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PHARMACY AND PRESCRIPTION WRITING.
Pharmacy (pápuaxov, a medicament),—may be defined as the art of selecting and preserving medicines, and preparing them for administration. It may be divided into
Official or Galenical Pharmacy,-dealing with the processes and preparations of the Pharmacopoeia; and
Extemporaneous or Magistral Pharmacy,—which includes the operations of compounding and dispensing remedies as directed by the prescriptions of physicians.
PHARMACOPÆIAS AND DISPENSATORIES. A Pharmacopæia is an official list of the drugs and their preparations recognized by the medical profession of a certain country. In foreign countries the Pharmacopoeias are published under government auspices and have the force of a legal standard ; in the United States its publication is left to the medical and pharmaceutical professions and is revised every ten years by a convention called for that purpose. The principal official Pharmacopeias, with their dates of latest revision or additions, are the following, viz.
Pharmacopæia of the United States of America, 1882.
Besides the above there are the Russian (P. Rossica, 1880); the Austrian (P. Austriaca, 1869); the Swedish (P. Suecica, 1869); the Norwegian (P. Norvegica, 1879; the Danish (P. Danica, 1868, 1874, 1876); the Belgian (P. Belgica, 1881); the Swiss (P. Helvetica, 1872, 1876); the Spanish (F. Española, 1865); the (Portuguese P. Portugueza, 1876); the Hungarian (P. Hungarica, 1871); the Netherlands' (P. Neerlandica, 1871); the Roumanian (P. Româña, 1862); the Finnish (P. Fennica, 1863); the Greek (P. Hellanica, 1868); the Mexican (Nueva Farmacopea Mexicana, 1884); and the
Pharmacopæia of India, 1868, 1869. Italy, Chili and Japan are each about to issue a national pharmacopoeia.
A Dispensatory is a commentary on one or more pharmacopæias, giving in extenso the physical and medicinal history of the drugs and preparations, together with their doses, physiological action and therapeutics, and includes similar information about many drugs which are not official in any pharmacopeia, but are of occasional use or general interest. A dispensatory is a private publication, of authority according to the reputation of its author. The principal Dispensatories published in the English language are the two following, viz.—
United States Dispensatory, 15th edition, edited by Wood, Remington and Stadtler. J. B. Lippincott & Co., Philadelphia.
National Dispensatory, 3d edition, edited by Stille and Maisch. Lea Bros. & Co., Philadelphia.
American Dispensatory, King & Lloyd, Cincinnati, is the organ of the “ Eclectic” school of physicians.
Companion to the U. S. Pharmacopæia, Oldberg and Wall, William Wood & Co., New York, is an excellent commentary on official and unofficial drugs.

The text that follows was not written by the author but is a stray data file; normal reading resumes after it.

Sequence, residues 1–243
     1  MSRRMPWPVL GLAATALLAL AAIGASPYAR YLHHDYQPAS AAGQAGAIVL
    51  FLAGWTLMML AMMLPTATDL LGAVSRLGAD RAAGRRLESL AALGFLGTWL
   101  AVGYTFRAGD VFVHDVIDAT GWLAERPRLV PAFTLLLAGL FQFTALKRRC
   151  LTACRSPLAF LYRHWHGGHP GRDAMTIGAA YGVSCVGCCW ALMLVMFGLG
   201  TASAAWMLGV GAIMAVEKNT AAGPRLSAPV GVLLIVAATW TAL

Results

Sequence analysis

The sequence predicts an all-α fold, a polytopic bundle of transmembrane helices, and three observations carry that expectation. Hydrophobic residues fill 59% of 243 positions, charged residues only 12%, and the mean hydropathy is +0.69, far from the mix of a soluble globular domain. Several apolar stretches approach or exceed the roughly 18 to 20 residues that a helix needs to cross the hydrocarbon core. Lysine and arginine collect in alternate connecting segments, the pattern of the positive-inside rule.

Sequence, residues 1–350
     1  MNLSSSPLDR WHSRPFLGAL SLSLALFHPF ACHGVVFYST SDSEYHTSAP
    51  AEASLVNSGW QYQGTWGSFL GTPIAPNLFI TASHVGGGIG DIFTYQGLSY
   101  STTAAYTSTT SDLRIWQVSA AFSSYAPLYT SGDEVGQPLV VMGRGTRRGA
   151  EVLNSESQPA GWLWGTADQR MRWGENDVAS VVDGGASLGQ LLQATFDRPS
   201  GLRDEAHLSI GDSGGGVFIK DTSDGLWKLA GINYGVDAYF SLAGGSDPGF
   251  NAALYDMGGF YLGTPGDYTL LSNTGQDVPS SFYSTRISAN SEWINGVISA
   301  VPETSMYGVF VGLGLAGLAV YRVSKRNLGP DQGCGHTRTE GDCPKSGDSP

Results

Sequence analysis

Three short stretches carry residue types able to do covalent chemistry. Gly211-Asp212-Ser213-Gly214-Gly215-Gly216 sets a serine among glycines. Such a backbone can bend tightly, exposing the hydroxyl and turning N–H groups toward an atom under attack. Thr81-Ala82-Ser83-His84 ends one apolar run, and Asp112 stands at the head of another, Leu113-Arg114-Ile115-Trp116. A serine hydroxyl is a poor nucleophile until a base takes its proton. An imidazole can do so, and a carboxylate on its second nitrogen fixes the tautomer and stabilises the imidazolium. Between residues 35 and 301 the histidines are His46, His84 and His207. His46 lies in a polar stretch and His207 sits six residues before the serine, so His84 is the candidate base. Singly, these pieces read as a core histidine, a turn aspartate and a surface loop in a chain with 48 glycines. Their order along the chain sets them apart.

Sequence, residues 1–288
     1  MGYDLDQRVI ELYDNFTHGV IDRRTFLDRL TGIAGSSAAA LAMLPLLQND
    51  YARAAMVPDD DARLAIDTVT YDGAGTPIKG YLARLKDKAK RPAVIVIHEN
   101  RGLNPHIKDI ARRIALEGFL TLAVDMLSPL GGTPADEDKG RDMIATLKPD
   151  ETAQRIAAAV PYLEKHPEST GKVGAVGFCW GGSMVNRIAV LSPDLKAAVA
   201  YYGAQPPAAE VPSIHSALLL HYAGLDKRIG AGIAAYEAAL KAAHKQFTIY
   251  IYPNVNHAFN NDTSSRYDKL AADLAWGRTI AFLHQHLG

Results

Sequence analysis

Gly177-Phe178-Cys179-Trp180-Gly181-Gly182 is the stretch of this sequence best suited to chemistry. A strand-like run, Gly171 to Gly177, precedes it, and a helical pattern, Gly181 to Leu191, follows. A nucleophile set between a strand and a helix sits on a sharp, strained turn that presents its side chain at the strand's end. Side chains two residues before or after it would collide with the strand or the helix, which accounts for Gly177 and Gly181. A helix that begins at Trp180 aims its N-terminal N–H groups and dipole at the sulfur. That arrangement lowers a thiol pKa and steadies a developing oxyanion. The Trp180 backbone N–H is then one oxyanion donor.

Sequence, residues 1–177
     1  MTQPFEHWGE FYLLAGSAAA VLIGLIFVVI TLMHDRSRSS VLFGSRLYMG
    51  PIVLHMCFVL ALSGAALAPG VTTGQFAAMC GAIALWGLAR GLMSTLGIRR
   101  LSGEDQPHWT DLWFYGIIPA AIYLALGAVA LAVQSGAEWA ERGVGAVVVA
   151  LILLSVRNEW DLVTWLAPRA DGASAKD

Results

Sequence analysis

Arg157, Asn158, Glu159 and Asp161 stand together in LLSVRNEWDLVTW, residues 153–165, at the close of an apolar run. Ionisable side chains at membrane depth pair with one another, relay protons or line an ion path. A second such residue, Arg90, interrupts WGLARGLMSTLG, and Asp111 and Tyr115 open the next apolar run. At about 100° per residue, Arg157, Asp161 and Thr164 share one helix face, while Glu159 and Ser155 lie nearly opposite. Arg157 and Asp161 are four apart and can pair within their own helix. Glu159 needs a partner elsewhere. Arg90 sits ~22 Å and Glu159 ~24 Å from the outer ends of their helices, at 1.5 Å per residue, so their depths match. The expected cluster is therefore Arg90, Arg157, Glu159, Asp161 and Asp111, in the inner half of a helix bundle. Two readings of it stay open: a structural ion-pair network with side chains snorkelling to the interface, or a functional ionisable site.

THE CONSTITUENTS OF VEGETABLE DRUGS.
The constituents of vegetable drugs may be classified as soluble and insoluble, the first group containing those ingredients which may be extracted by suitable menstrua, the second such as resist the action of all ordinary solvents.
THE SOLUBLE CONSTITUENTS comprise both inert and active principles, the inert being chiefly starch, gum and pectin, which may be readily separated by water. The active principles are alkaloids, acids, salts, glucosides and other neutral principles, volatile oils, resins, etc. Some few of these may be extracted by Water alone (e. g. Morphine), and in some cases the addition of acids or alkalies to the water will effect the chemical solution of many ingredients which are insoluble in water alone. As a rule, however, Alcohol is the most generally applicable of all simple solvents, but from its hardening the cell-membranes instead of softening them it prevents the osmosis of their contents. Drugs subjected to alcoholic or ethereal menstrua should have their cells thoroughly broken or torn, so that the solvent may be oht into actual contact with the principles contained in
The degree of disintegration required depends upon the the cells, ducts, tubes, intercellular spaces, etc., in which
the active principles are enclosed. A very finely powdered state is however open to objection from the packing of the particles together into an almost impenetrable mass when treated by the solvent. The average size of vegetable cells is about doof an inch, while resin cells and other cavities are larger, averaging perhaps about ido inch. The Pharmacopæia prescribes in each instance the degree of fineness of the powdered drug employed in making certain of its preparations, or its bruising, slicing, etc., when such operations will answer. [Compare the article on Comminution in the following section.]
The INSOLUBLE CONSTITUENTS are cellulose, lignin and sclerogen, which make up the cell-walls of vegetable substances, and are extremely intractable.
OFFICIAL OPERATIONS. The official operations are those processes which are directed in the pharmacopeia to be used in the preparation of medicines. Many of them are processes which are common to both chemistry and pharmacy, as precipitation and crystallization,—while others are peculiar to pharmacy, as percolation, trituration, etc. The most important of the pharmaceutical operations are briefly described below; for full details of the various apparatus used the student is referred to the more exhaustive treatises on Pharmacy.
Vaporization includes the various operations by which volatile matters are separated from fixed substances or from other matters which are less volatile, heat at varying temperatures being the agent used. The operations under this head are—Evaporation, Distillation, Desiccation, and Sublimation.